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TORONTO (Reuters) - Canada's baby boomers are generally ill prepared to pay for retirement living, with few having considered the possibility that they could outlive their savings, a study by Bank of Montreal said on Wednesday.
The baby boom generation started turning 65 this year and within 20 years, all the boomers will be eligible for retirement.
A poll of 1,542 Canadians, conducted by Leger Marketing on behalf of BMO Retirement Institute, found that just under half of those aged 55 or older were planning to, or already had, discussed post-retirement income strategies with a financial adviser.
"If you ask people if they've started a savings plan for retirement, the answer is probably yes, I make my RRSP (Registered Retirement Savings Plan) contributions, or I belong to my company's pension plan," Tina Di Vito, head of BMO Retirement Institute, said in an interview.
"When you are retired and you are no longer adding money into your portfolio, you've got what you've got -- a series of piggy banks -- and this is what you are going to use now to live on for the rest of your life."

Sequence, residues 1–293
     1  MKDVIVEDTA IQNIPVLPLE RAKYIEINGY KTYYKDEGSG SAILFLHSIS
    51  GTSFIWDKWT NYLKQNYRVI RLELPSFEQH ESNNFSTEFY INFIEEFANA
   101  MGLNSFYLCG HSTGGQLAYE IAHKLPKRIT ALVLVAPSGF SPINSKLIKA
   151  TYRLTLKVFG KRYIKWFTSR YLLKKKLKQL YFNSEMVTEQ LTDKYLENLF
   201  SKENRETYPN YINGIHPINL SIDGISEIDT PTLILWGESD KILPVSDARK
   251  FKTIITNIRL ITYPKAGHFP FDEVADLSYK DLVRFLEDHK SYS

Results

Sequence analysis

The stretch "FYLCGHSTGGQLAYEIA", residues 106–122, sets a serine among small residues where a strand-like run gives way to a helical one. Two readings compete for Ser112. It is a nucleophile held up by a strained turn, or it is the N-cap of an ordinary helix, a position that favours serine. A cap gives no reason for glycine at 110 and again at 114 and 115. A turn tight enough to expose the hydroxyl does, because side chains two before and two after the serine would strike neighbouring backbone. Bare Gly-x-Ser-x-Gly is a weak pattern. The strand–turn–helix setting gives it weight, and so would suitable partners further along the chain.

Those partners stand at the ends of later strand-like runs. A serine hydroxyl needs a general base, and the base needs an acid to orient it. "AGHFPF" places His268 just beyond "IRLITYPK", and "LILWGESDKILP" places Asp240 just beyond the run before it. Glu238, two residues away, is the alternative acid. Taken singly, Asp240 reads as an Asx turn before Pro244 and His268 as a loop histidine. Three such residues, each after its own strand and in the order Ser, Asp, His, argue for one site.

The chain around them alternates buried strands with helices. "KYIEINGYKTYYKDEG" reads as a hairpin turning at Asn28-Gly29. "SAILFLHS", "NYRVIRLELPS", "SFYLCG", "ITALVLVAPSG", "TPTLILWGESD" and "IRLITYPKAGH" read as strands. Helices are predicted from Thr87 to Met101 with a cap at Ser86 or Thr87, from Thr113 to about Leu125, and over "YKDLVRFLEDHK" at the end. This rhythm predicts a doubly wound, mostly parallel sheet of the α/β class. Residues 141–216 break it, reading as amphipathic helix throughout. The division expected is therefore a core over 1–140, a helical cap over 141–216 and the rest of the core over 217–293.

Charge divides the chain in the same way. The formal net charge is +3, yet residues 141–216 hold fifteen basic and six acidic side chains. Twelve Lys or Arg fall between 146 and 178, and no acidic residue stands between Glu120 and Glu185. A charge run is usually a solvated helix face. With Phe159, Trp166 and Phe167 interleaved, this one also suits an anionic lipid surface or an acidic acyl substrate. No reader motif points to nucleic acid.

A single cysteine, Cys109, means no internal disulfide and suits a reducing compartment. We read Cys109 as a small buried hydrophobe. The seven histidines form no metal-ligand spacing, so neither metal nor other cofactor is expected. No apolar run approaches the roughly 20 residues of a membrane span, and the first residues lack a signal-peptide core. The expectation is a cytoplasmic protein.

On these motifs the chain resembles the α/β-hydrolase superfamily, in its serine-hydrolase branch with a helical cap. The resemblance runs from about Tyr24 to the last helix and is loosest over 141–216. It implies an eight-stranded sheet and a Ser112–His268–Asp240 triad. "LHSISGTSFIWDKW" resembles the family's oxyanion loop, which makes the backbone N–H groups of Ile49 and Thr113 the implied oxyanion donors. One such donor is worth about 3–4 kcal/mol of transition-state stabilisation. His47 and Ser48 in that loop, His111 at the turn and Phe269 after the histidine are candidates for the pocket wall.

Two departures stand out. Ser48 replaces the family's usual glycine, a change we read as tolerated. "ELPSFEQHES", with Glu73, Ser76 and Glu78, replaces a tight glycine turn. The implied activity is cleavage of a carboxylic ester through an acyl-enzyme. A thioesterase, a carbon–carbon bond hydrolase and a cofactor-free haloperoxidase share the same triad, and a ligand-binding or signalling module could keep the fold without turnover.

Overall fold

Di Vito said there are several important questions to consider: Which account should be withdrawn from first? How much can be withdrawn without using up the money too quickly? What will the tax rate be?
"It's very difficult as a financial planner, if you were to ask me, 'Tina, have I saved enough? Is it going to last my whole retirement?'," she said.
"If you haven't done a post-retirement budget or you don't have any idea of how much you're going to need ... how am I supposed to answer that?"
Only a third of those surveyed had considered the possibility of outliving their savings.
At the same time, less that half had a plan for how to pay for unexpected events even though 55 percent said they expect factors such as personal or family health care issues to affect their retirement incomes.
Inflation was also a concern, with 64 percent worried about the negative effect it will have on their savings.
Di Vito said 55 is a good age for boomers to start shifting focus from saving for retirement to retirement-income planning.
"Once you know how much income you are going to need and how everything is going to be taxed during your retirement years, you'll know whether you're on track or whether you need to work a few more years," she said.
The study also called on boomers to take the time to understand employer and government pension plans and to plan for taxes on withdrawals from Registered Retirement Income Funds.
The baby-boom generation is generally considered to be people born between 1945 and 1965.
Reporting by John McCrank; editing by Peter Galloway